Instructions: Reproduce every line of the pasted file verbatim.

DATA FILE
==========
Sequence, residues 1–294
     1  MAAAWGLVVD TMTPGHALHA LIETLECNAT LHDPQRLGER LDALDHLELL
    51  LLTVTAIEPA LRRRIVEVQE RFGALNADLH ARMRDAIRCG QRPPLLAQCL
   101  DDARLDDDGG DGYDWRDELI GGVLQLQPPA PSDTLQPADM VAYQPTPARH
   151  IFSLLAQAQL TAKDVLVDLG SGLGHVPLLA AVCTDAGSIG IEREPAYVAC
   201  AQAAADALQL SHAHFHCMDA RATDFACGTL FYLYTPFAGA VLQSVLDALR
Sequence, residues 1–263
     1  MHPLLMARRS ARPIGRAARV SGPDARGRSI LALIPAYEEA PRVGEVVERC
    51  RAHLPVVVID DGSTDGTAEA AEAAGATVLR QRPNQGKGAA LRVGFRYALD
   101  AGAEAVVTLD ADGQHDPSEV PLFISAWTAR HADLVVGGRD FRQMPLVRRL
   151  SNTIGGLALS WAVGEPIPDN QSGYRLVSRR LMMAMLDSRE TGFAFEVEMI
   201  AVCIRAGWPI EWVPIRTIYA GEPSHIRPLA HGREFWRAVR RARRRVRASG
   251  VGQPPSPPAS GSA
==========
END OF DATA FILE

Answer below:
Sequence, residues 1–294
     1  MAAAWGLVVD TMTPGHALHA LIETLECNAT LHDPQRLGER LDALDHLELL
    51  LLTVTAIEPA LRRRIVEVQE RFGALNADLH ARMRDAIRCG QRPPLLAQCL
   101  DDARLDDDGG DGYDWRDELI GGVLQLQPPA PSDTLQPADM VAYQPTPARH
   151  IFSLLAQAQL TAKDVLVDLG SGLGHVPLLA AVCTDAGSIG IEREPAYVAC
   201  AQAAADALQL SHAHFHCMDA RATDFACGTL FYLYTPFAGA VLQSVLDALR
Sequence, residues 1–263
     1  MHPLLMARRS ARPIGRAARV SGPDARGRSI LALIPAYEEA PRVGEVVERC
    51  RAHLPVVVID DGSTDGTAEA AEAAGATVLR QRPNQGKGAA LRVGFRYALD
   101  AGAEAVVTLD ADGQHDPSEV PLFISAWTAR HADLVVGGRD FRQMPLVRRL
   151  SNTIGGLALS WAVGEPIPDN QSGYRLVSRR LMMAMLDSRE TGFAFEVEMI
   201  AVCIRAGWPI EWVPIRTIYA GEPSHIRPLA HGREFWRAVR RARRRVRASG
   251  VGQPPSPPAS GSA